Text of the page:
SchoolArts Magazine

NOV 2013

SchoolArts is a national art education magazine committed to promoting excellence, advocacy, and professional support for educators in the visual arts since 1901.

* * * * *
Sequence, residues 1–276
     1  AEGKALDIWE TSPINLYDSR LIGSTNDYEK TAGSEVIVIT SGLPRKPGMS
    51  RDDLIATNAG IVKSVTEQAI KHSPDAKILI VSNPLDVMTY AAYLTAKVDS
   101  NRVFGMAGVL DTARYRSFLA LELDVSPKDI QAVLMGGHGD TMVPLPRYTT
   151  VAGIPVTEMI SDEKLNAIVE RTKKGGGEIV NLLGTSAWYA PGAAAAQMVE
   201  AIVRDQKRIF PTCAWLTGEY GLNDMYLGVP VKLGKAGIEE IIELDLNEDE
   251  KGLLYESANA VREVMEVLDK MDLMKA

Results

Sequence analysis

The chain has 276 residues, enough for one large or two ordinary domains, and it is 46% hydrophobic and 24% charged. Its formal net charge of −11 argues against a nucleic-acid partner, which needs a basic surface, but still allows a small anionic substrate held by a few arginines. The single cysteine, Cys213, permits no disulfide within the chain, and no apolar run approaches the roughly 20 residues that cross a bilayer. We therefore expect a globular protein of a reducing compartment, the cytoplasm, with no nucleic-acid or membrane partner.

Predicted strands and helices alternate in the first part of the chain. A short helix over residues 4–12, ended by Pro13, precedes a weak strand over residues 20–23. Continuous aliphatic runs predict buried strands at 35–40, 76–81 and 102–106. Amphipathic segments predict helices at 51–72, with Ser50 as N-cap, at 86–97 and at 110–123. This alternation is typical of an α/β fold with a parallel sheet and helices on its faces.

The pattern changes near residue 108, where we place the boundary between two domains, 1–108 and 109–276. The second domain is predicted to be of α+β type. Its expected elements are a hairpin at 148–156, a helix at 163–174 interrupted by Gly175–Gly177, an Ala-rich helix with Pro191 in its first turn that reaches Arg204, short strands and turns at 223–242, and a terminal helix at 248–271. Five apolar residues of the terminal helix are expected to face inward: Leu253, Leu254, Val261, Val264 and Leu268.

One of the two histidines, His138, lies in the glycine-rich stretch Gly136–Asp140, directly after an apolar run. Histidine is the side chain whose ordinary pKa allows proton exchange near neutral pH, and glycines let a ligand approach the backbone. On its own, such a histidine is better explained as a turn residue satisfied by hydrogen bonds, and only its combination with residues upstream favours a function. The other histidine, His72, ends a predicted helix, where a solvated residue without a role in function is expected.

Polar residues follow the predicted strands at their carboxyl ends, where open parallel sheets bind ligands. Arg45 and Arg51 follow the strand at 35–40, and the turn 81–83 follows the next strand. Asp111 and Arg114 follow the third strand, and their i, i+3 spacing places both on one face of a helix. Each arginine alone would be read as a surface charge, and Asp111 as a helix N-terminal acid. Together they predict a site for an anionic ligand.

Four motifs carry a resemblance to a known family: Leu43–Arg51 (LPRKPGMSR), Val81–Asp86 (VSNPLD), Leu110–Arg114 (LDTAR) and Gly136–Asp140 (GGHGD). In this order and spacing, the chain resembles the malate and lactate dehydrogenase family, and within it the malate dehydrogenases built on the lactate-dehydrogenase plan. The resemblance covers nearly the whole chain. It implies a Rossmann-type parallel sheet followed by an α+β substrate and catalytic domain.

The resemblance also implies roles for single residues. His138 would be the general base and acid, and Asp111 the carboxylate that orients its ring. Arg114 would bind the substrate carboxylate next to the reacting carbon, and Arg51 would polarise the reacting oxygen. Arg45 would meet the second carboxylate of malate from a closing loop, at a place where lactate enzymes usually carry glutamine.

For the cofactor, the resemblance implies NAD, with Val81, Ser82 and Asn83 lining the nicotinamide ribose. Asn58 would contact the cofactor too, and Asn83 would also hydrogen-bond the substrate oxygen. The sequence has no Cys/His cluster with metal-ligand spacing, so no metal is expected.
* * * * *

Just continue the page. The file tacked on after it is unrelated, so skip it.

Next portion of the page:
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that piece followed by chair four, then chair one. 8. Chair three has a turn to place a piece matched by the others in order by chairs as before. 9. Chair four has a turn in the same way. 10. The "round" is complete. Each player can be "in charge of" a new color and repeat from step 2. A plate was finished when every spot was filled with one layer of bricks in a rotational design. The class would fall silent as I held it above my head (backwards) and cried out, "Prepare to be amazed!" I would flip the plate over and slowly rotate it while asking the class to check it for rotational symmetry. Even formative or peer assessment is fun when it comes to working with Legos. It was wonderful to see students problem solve, take turns, and celebrate their creations together. I saw students shine in new ways as they used their math skills, visual-spatial skills, and interpersonal skills during this collaborative art project. Completing the Wall With the help of an grant, I was able to purchase more Legos so that everyone would have the opportunity to participate in this collaborative project. We hope to have our complete wall installed and our beautiful base plates on display towards the beginning of the school year. Then we'll pull them all down and take on a new collaborative design challenge. complicated and beautiful designs easily. Here are the guidelines: 1. Gather students into groups of four, and provide them with four trays of Legos, one 10 x 10" (25 x 25 cm) base plate, and one ¾" cardboard shield the same size as the base plate. 2. Ask each student to pick four matching Legos of the one color he or she is "in charge of" first. 3. Have each student share one piece with each of the other students in the group, keeping one for him- or herself. Students end up with four pieces each of different colors. This color set should look exactly alike for all four students in the group. 4. The person sitting in chair one goes first. He or she puts the shield on the base plate and finds a location for his or her plastic brick. Starting from the edge of the plate and working in reduces mistakes. 5. Spin the base plate one-quarter turn. The person in chair two uses a piece of the same color and places it in the same location. Repeat this for students in chairs three and four. 6. The person in chair two places his or her piece in any location within the revealed section of the shield. 7. Spin the base plate one-quarter turn. The person in chair three matches Tricia Fuglestad is an art teacher at Dryden Elementary School in the Arlington Heights School District, New York. NatioNal StaNdard Students identify connections between the visual arts and other disciplines in the curriculum. Web liNkS 37

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